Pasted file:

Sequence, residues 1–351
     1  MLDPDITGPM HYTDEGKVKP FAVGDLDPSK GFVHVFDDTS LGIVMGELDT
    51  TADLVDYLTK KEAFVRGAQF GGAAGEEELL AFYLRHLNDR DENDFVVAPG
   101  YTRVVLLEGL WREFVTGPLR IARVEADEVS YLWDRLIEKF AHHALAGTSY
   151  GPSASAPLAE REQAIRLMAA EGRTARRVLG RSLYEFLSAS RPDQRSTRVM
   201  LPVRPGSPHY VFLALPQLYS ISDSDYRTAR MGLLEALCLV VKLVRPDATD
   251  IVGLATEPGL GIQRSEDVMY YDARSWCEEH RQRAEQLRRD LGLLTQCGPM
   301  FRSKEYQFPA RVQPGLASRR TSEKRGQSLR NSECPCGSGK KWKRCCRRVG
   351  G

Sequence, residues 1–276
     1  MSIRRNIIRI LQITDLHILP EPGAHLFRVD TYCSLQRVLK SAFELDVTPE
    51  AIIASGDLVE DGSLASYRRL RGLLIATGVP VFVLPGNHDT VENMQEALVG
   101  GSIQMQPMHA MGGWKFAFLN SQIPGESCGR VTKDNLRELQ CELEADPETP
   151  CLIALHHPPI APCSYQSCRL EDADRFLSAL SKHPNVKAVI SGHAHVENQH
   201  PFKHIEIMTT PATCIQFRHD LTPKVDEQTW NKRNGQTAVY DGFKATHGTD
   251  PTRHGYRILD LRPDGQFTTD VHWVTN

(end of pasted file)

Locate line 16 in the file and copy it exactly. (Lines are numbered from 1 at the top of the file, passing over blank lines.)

   251  PTRHGYRILD LRPDGQFTTD VHWVTN